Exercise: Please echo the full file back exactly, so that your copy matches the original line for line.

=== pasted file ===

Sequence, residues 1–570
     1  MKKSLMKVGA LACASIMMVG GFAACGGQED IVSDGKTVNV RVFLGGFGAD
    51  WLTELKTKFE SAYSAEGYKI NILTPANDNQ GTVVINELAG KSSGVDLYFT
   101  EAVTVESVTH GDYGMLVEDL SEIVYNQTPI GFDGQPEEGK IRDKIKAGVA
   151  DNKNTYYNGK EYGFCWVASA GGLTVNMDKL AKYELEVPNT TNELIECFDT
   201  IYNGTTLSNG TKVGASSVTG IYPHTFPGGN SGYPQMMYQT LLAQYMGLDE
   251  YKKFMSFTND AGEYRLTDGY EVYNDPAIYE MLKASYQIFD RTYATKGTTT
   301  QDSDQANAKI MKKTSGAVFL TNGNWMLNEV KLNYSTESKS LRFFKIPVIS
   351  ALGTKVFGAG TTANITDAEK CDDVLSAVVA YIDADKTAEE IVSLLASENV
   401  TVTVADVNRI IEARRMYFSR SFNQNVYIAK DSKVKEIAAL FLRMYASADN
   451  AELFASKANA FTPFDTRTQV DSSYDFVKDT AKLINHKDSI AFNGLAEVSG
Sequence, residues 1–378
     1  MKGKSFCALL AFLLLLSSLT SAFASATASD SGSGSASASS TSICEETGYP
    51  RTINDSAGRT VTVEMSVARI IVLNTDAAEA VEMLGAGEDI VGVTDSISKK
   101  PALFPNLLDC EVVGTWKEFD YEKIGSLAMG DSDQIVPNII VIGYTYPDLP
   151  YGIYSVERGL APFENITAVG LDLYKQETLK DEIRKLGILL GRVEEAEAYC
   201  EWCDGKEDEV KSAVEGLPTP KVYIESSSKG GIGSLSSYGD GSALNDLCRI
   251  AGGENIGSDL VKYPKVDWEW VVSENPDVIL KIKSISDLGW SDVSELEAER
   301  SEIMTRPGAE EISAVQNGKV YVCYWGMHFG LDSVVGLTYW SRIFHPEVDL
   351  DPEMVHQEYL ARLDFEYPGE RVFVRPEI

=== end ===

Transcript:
Sequence, residues 1–570
     1  MKKSLMKVGA LACASIMMVG GFAACGGQED IVSDGKTVNV RVFLGGFGAD
    51  WLTELKTKFE SAYSAEGYKI NILTPANDNQ GTVVINELAG KSSGVDLYFT
   101  EAVTVESVTH GDYGMLVEDL SEIVYNQTPI GFDGQPEEGK IRDKIKAGVA
   151  DNKNTYYNGK EYGFCWVASA GGLTVNMDKL AKYELEVPNT TNELIECFDT
   201  IYNGTTLSNG TKVGASSVTG IYPHTFPGGN SGYPQMMYQT LLAQYMGLDE
   251  YKKFMSFTND AGEYRLTDGY EVYNDPAIYE MLKASYQIFD RTYATKGTTT
   301  QDSDQANAKI MKKTSGAVFL TNGNWMLNEV KLNYSTESKS LRFFKIPVIS
   351  ALGTKVFGAG TTANITDAEK CDDVLSAVVA YIDADKTAEE IVSLLASENV
   401  TVTVADVNRI IEARRMYFSR SFNQNVYIAK DSKVKEIAAL FLRMYASADN
   451  AELFASKANA FTPFDTRTQV DSSYDFVKDT AKLINHKDSI AFNGLAEVSG
Sequence, residues 1–378
     1  MKGKSFCALL AFLLLLSSLT SAFASATASD SGSGSASASS TSICEETGYP
    51  RTINDSAGRT VTVEMSVARI IVLNTDAAEA VEMLGAGEDI VGVTDSISKK
   101  PALFPNLLDC EVVGTWKEFD YEKIGSLAMG DSDQIVPNII VIGYTYPDLP
   151  YGIYSVERGL APFENITAVG LDLYKQETLK DEIRKLGILL GRVEEAEAYC
   201  EWCDGKEDEV KSAVEGLPTP KVYIESSSKG GIGSLSSYGD GSALNDLCRI
   251  AGGENIGSDL VKYPKVDWEW VVSENPDVIL KIKSISDLGW SDVSELEAER
   301  SEIMTRPGAE EISAVQNGKV YVCYWGMHFG LDSVVGLTYW SRIFHPEVDL
   351  DPEMVHQEYL ARLDFEYPGE RVFVRPEI